Bagle Does What?
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Thread: Bagle Does What?

  1. #1
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    Bagle Does What?

    Here is the article. Is it possible to detect words in image files? Are AV companies just blowing smoke and actually attempting to get the password? Why not just use normal pattern detection after partial/complete decryption?

    -Cheers-

  2. #2
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    Sure it's possible to detect words in images. That's what OCR is all about. I'm not sure I'd like my AV taking the time to do that scan, but life goes on.

  3. #3
    HeadShot Master N1nja Cybr1d's Avatar
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    Steganography - The practice of hiding one piece of information inside of another.


    Reverse steganography or using the right decryption will show the words hidden inside an image. That might include passwords.

  4. #4
    Senior Member RoadClosed's Avatar
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    OCR is not very good, yet, about detecting words in images where there are varying contrasts close to the target. Not very good at all.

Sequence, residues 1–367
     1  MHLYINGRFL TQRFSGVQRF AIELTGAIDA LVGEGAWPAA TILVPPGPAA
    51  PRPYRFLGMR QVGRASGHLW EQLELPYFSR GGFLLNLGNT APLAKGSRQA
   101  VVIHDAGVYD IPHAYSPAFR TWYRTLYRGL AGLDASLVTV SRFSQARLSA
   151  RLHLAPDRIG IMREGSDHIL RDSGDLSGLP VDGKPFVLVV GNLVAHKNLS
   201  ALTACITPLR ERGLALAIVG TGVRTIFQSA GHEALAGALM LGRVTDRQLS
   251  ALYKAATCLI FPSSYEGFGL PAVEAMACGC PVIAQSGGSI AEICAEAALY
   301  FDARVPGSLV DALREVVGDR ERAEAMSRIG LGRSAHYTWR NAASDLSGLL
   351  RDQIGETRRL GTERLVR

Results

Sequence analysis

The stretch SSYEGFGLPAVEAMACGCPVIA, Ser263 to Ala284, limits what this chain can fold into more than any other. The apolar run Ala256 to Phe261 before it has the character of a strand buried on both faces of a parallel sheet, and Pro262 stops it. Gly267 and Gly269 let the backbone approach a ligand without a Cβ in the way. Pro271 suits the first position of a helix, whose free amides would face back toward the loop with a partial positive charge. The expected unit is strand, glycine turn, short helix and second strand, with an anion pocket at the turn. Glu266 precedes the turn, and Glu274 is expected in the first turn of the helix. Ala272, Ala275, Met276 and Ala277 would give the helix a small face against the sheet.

Bagle Does What?
    what is - Taste good with Cream Cheese and coffee.
    West of House
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    There is a small mailbox here.

  5. #5
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    RoadClosed, you obviously haven't recieved one of those emails have you? The text is generally a primary color, with a white background, sharp edges. Ideal for OCR. As far as not being very good, about 4 years ago, I got a scanner and some trial software from a leading OCR company, and it could easily read book text and printed text. That's all it would be required to do here. Think how far they've probably come since then.

    Cyber1d, no, they're not talking about steganography. It's cool, but there talking about a literal picture of a password. See the attached, it's not the virus, just the pic that's in one of their emails, it's just a green pic of '02350'

  6. #6
    AO übergeek phishphreek's Avatar
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    UpperCell: I use OCR too for some tasks. It is very good at basic stuff... like books and such.

    Try to fead it forms and it'll crap all over the screen. The formatting gets all messed up and its faster to recreate the form than to try to fix a form scanned in.

    At least... the software I was using... I believe it is omniscan pro version 12?
    They are a couple of versions higher now... maybe I'll try the upgrade.

    Though, most of what I fed it, it scanned quite well.
    I only had to go back over and correct about 5 or so words that wern't in the dictionary.
    Quitmzilla is a firefox extension that gives you stats on how long you have quit smoking, how much money you\'ve saved, how much you haven\'t smoked and recent milestones. Very helpful for people who quit smoking and used to smoke at their computers... Helps out with the urges.

  7. #7